Here's how I would answer any arguments against this album: the songs are still great. "Enter Sandman" "Sad But True" and "The Unforgiven" are metal classics. They stack up with the very best any other metal band has ever produced (well, maybe not Dio, but who can compare with him. I'm serious. Ronnie James Dio is the very best metal singer in the history of the genre. It is indisputable). Yes, after this album Metallica cut their hair and started making music for people who weren't their fans to begin with and punished their fans with frivolous lawsuits, but the Black Album is the last moment of true greatness for one of the greatest metal bands ever. Respect it for what it is.

The Merrymakers - Bubblegun

This is one of the best power pop albums I own. It's so astoundingly sweet that my brain can't hardly handle it all at once. The Merrymakers hail from Sweden, a land known for its sugary-sweet pop. This album benefits greatly from the production of Andy Sturmer (of Jellyfish fame) who brings a bit of the old Jellyfish charm to the album. The result is harmonies so thick and gooey they stick in your ears, and arrangements lavish enough to set before a king. This is power pop beyond reproach.

Material Issue - Freak City Soundtrack

Freak City Soundtrack just isn't as good as International Pop Overthrow. The album sounds good and has nice production values, but the songwriting isn't nearly as strong as it was on Material Issue's debut. There are a couple great songs like the opener, "Going Through Your Purse" as well as "Ordinary Girl" but the rest of the songs are just generally good rather than great, and fall a little short of the best Material Issue has to offer. This is a decent album, but a little disappointing when compared to International Pop Overthrow.

Material Issue - International Pop Overthrow

Material Issue tends to be underrated by the general public as well as slightly overrated by the power pop community to compensate for the fact that they are underrated elsewhere. As a member of the power pop community, it's hard for me to feel like I'm putting this album in its proper perspective. The biggest power pop festival in the world is named after this album, so there's your indicator as to what Material Issue means to the powers that be in power pop.

So yeah, this is a really great album. I know I'd feel that way about it even if I wasn't a huge power pop fan because I was introduced to "Diane" when I was in high school and had no concept of power pop. Anyway, if you like music from the 90's that has a fascination with the music from the 60's and 70's, this is a great disc to add to your collection.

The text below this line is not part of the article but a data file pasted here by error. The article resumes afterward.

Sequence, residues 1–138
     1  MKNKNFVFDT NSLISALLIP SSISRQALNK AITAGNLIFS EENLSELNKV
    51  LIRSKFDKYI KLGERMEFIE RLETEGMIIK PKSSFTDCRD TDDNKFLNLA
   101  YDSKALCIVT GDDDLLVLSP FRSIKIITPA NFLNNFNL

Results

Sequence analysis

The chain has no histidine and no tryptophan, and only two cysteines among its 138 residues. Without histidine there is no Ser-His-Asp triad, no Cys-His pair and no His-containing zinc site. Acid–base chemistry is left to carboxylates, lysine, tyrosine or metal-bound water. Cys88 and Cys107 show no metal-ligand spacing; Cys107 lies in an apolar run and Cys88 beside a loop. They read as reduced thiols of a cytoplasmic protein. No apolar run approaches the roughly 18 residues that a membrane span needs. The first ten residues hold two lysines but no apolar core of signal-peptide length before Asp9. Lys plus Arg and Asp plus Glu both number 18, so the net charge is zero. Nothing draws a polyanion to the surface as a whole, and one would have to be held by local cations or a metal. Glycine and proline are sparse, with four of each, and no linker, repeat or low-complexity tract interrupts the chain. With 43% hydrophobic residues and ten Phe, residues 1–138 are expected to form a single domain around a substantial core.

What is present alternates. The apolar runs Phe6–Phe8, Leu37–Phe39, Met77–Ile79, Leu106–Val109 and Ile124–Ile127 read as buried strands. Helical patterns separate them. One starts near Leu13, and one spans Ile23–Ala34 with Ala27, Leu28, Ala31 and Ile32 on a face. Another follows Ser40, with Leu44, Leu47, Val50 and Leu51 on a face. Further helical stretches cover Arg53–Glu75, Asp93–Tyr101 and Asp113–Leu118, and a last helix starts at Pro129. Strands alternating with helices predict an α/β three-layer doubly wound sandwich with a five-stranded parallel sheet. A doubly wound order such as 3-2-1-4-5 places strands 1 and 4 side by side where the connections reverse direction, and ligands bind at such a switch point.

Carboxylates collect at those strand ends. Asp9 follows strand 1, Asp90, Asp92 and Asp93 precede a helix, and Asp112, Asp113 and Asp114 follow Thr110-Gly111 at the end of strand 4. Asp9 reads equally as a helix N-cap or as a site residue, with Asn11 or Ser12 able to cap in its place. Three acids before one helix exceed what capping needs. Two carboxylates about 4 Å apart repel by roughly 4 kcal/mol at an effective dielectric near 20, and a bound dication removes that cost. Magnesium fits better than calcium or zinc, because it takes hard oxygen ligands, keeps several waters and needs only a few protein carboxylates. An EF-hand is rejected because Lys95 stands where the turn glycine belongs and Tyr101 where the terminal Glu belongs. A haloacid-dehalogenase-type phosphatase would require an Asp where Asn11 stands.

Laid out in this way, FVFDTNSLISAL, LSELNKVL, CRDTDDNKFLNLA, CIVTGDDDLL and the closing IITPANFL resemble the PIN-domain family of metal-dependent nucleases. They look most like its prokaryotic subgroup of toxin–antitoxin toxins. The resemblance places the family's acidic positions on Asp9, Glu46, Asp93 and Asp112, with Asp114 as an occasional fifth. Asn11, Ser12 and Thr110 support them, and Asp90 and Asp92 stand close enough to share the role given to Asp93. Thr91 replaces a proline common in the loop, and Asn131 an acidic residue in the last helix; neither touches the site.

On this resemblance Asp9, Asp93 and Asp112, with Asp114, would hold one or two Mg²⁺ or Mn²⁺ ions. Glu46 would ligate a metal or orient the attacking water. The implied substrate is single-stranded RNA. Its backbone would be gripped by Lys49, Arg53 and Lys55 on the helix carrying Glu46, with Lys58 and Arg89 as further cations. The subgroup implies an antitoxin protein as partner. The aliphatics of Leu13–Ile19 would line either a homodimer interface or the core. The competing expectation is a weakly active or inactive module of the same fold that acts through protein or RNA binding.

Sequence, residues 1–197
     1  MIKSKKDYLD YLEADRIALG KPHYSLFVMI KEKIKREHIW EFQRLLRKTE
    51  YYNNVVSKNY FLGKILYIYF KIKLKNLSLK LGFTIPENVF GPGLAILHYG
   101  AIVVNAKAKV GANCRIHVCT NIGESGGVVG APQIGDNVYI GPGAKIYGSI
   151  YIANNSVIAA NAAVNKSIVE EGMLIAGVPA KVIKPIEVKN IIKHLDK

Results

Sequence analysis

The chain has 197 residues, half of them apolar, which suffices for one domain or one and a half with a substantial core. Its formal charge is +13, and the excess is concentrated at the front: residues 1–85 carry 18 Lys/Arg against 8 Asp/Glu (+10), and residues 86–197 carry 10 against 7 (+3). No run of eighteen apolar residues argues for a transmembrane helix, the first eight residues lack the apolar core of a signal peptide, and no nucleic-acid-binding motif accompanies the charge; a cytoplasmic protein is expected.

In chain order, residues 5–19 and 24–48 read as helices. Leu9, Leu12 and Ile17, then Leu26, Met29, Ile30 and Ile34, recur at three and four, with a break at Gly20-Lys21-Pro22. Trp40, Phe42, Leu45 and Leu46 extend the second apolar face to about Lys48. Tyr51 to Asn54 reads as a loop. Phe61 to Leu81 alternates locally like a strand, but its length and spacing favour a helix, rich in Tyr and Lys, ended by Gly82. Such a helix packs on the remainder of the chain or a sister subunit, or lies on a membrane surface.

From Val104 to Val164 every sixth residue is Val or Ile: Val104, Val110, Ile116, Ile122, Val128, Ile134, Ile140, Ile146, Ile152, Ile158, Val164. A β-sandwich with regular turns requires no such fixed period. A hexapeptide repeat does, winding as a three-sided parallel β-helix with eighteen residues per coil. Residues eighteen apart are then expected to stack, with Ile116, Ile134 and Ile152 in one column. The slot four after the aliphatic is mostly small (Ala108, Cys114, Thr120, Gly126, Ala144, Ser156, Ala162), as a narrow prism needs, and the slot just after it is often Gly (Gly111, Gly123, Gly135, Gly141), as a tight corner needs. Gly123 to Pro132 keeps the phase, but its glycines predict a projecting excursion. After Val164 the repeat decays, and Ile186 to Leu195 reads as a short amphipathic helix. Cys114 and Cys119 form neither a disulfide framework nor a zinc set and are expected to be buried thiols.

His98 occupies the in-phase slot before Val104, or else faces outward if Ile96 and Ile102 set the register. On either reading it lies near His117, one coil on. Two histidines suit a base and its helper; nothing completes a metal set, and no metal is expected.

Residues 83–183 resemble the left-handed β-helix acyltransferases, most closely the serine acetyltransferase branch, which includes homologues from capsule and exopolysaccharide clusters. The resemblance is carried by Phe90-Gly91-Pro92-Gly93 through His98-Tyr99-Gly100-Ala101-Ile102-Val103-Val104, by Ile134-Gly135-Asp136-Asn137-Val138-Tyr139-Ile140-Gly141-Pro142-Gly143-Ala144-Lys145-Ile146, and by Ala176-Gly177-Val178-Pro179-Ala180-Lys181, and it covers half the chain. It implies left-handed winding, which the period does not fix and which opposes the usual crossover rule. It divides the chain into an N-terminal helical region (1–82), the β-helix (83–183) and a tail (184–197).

Lateef and the Chief Present: Maroons - Ambush

There are certain record labels whose imprint on an album is an absolute assurance of quality. If you're an indie dude, that label is Sub-Pop. If you're a hip-hop fan, Quannum will never do you wrong. I own most of the Quannum catalogue and will attest to its overall high quality. Speaking of hip-hop in this manner makes me sounds pretentious, ridiculous, and irredeemably white. So yeah, my first introduction to good hip-hop (I'm not counting my early 90's fascination with MC Hammer and Vanilla Ice) was Blackalicious. Shortly after I became addicted to Blazing Arrow, Blackalicious played a free show at my college. They did a few songs from Blazing Arrow and Lateef the Truthspeaker did an awesome battle with Gift of Gab (I believe Gift of Gab won, but it was close). Anyway, I had no idea who Lateef was at the time. I just knew he was a white dude (he's white, right? All the stories tell me his parents were affiliated with The Black Panthers, but I swear he's white. None of the pictures online show him in his dreadlock phase, which is when I saw him. He was a fairly skinny dude back then, but it looks like he's beefed up and his skin is a shade or two darker. The first time I saw him, I just knew he was white. Now I'm not so sure) with some serious skills. Anyway, when I heard that Chief Xcel from Blackalicious and Lateef the Truthspeaker (who you may know from Latryx) were doing an album together, I literally could not buy it fast enough. I talked my local record store into selling it to me before it was scheduled to be released. This album (which is more of an EP in length) is exactly as good as I wanted it to be. It's full of interesting beats, strong social statements, and great rhymes. If you like Jurassic 5 or The Roots, this is an album that should be right up your awesome hip-hop alley.